Replace starter and front shocks on 1992 Chevy S10

by CarlD

I just did this job, and because I didn’t find much specific help on the internet, and because I learned some things while doing it, I’m leaving notes here in case they help someone else later. I am not a mechanic, so this is strictly diy stuff.

The starter is an easy job. What was hard for me was figuring out how to make it an easy job. That took two days. Once I figured it out, the job itself took maybe an hour. Here’s what I figured out:

  1. Unbolt the flywheel cover
  2. Get as much slack as you can on the wires

That’s it. Compared with the starter, the shocks were really easy. Here’s what I learned:

  1. Be ready to cut the top nut off

OK, now if you’re interested here’s my story, starting with the starter. The shop manual and the internet both explain the job in a sentence or two. Unbolt the starter; disconnect the wires; installation is the reverse of these steps. All of that is true, but unhelpful. Almost as unhelpful as this video:

The reason it’s unhelpful is because the starter is puzzle-pieced into this tiny space on the passenger side between the engine and the frame and the shock mount. You have to come at it from underneath. The two mounting bolts themselves are easy enough to access and remove, but then actually physically pulling the starter out is amazingly difficult. With the solenoid on top and the wires connected the range of motion is very small, the shapes are eccentric and ill-matching, everything catches on everything else, and the business end is wedged into the flywheel housing. And if you’re lying on your back with your arms all cramped up and only really room to bring one hand into play, well. And it’s heavy, so it keeps trying to drop out of the tiny little manipulation zone. Let’s just say it was only by sheer stubbornness and unfathomable luck that I got the thing out of there, after having at it and taking breaks to not yell and break things and looking for guidance on the internet (to be honest, I did not watch every available video, so I may have missed the perfect one. Because I prefer to read my instructions and I can only take so much of guys with great hands and senses of spatial relations but primitive people skills stumbling through endless inane introductory remarks followed by stilted explanations in that dumb teacher voice they all think they have to do; see above).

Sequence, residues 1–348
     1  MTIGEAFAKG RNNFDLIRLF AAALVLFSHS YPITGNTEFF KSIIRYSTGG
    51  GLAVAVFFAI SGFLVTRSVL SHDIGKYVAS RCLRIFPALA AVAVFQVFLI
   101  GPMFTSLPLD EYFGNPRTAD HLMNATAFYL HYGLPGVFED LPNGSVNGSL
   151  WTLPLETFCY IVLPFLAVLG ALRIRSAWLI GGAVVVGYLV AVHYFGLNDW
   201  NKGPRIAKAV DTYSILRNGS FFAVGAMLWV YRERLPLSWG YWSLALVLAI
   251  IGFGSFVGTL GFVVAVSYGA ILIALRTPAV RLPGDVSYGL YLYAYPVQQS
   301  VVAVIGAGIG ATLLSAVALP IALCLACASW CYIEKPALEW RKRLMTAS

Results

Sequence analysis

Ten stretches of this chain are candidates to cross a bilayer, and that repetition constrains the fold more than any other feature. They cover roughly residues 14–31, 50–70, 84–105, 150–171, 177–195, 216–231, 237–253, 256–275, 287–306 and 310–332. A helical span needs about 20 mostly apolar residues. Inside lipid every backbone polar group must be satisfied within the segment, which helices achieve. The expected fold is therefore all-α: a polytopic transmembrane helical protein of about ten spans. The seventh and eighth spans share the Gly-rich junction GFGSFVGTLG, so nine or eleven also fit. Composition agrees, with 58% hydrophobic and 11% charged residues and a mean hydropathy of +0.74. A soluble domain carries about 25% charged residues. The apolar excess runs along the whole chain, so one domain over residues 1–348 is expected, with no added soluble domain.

AutoZone had a cheap remanufactured starter with a lifetime warranty in stock. They insisted on testing the old one, because for some reason the tech thought he couldn’t sell me a new one if the old one still worked. Well of course, the old one spun right up on the bench. Between the shop manual and the internet I had worked out that the probable problem was a faulty overrunning clutch, which as I understand it was keeping the spin from being translated from the starter to the flywheel. (Interestingly, the encouragement to just go ahead and replace the starter for this fault came from a forum thread of military guys talking about the same problem with their humvees. I think – the jargon was pretty thick.) I told the tech this and he contrived to get a fail out of his rig somehow, and he winked at me and sold me the starter. So that was day one.

Day two, I’m back under the truck trying to recapture lightning in a bottle and get the new unit back up in by whatever miraculous path I got the old one out. Nothing, no chance. The exit and return paths are not symmetrical. You can either have the wires connected or you can have the starter in position, but you can’t have both. When they’re connected the wires take in just enough of the range of motion to defeat insertion. But the solenoid is positioned on the top of the unit, buried between the frame and the engine, which meant there was just no way I could see or read about to get the wires connected once it was in place. Which doesn’t stop numerous web sources from helpfully explaining to insert the starter, then connect the wires.

Around this point the friendly old local guy who comes and fishes our pond sometimes stopped by for a chat. He saw I was working on the truck and a long conversation ensued, extolling the virtues of Chevy trucks and reminiscing about the ones he’s had. In the course of this, he learned that I was working on the starter and his face broke all out in sympathy. Nasty job, tiny spaces, did it on his daughter’s Pinto once and practically had to take the engine out to get at it. So that made me feel a little better, because honestly I was starting to think that I was just being stupid somehow in a way I didn’t even know how to notice.